When Afghanistan fell to the Taliban last month, my heart broke. As a former military officer, I had traveled the country several times, commanding troops in the field and helping to build roads and bridges. The Afghan allies who worked alongside the American soldiers deserved better.
Their lives are now in great danger. To abandon them now is not American. Welcoming these allies and their families can also strengthen our country in the years to come.
I know because it’s my story. I came to America from Nigeria in 1996. I spent two decades in the US military, leading troops and transporting supplies across borders, before starting a supply chain consulting business in Dallas. . Today, I am a successful entrepreneur and effective manager for veteran and immigrant employees.
Refugees are more likely to start businesses than US citizens. They have higher retention rates, and after 25 years in the country, they have higher median incomes than the US average, according to New American Economy.
Afghan refugees are also well placed to help our armed forces. Afghans who come here on special immigrant visas have previously worked as interpreters and in other roles essential for the US military. They are bilingual, loyal to the United States, and have years of experience conducting high-stakes military operations. They are delicate negotiators and they are familiar with nation building, economic development and responding to humanitarian crises. We will need them and others like them to maintain alliances in destabilized regions like the Middle East.
The point is, our military needs more recruits, especially those with language skills. Forty-five languages ââare considered vital to our global operations, but only a small percentage of US-born recruits can speak any of them.
Complicated languages ââlike Arabic or Chinese require two to three years of intensive study for native English speakers. The military spends between $ 62,000 and $ 215,000 per serviceman to teach these skills, according to a study published in the Small Wars Journal. And even after all this time and money, the service member still may not have the same fluency or cultural competence as a native speaker.
After September 11, the Military Accessions Vital to the National Interest program was created to address military shortages, enabling non-citizens with essential health and language skills to serve. The program recruited some 10,400 immigrants, including around 900 Dreamers, before it was suspended in 2016. With 30,000 Afghan SIVs and their families likely to settle here, there’s no better time for the Biden administration restore this program.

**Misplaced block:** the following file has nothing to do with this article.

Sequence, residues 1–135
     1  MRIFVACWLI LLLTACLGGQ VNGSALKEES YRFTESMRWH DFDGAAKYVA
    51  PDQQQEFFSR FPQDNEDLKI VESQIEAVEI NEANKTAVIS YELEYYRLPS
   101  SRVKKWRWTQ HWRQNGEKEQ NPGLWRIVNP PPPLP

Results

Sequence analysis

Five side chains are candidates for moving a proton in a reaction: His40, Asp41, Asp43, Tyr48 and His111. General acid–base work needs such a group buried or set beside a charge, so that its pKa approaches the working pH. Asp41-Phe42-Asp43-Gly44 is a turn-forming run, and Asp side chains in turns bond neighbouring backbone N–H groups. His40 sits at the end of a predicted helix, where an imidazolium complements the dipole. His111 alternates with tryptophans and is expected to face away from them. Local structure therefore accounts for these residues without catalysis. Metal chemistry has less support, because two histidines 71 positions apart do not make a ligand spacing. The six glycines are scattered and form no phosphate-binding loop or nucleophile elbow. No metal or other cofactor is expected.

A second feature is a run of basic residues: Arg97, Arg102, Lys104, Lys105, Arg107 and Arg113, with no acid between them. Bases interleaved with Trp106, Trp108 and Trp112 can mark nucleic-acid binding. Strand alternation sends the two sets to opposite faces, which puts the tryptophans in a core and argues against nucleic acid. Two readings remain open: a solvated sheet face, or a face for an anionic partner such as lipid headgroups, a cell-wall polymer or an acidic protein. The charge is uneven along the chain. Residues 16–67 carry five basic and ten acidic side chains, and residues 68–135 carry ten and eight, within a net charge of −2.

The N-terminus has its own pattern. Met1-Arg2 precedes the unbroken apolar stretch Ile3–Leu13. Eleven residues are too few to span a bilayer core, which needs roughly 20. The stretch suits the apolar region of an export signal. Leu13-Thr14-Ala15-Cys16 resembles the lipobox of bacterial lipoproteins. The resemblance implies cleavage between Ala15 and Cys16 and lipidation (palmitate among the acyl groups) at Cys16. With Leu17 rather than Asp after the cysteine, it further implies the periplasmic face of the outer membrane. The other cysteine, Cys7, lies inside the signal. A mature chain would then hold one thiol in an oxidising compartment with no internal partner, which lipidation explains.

During my 20 year career in the military, I have seen how effective linguistic and cultural mastery can be. In 2008, I was part of an anti-terrorism unit in Nigeria, a multi-faceted country with over 500 languages. I speak three Nigerian languages ââand understand the cultural nuances of life there. This has given our unit a significant advantage and improved relations on both sides.
Yes, we could use interpreters, but we lose a lot in translation – and having soldiers who speak the language shows that we are fully invested. In Afghanistan, whenever someone spoke Dari or native Farsi, the mission tended to be very successful. When Afghans heard US military immigrants speak their language, it had a huge impact on them. Language is one of the most effective ways to break down barriers.
Our global influence depends on our ability to understand language and culture. The Chief of Staff of the United States Army, General Raymond Odierno, once said that “the best equipped army in the world can still lose a war if it does not understand the people it is fighting.”
Our leaders must welcome our Afghan allies with open arms and then provide them and all immigrants with opportunities to serve in our armed forces. When I’m among my military colleagues, it doesn’t matter where we come from. We are all patriots fighting for the country we love. In the end, that’s all that matters.
Adebayo Adeleke is a retired U.S. Army major, supply chain consultant, and lecturer at Sam Houston State University. He wrote this column for The Dallas Morning News.
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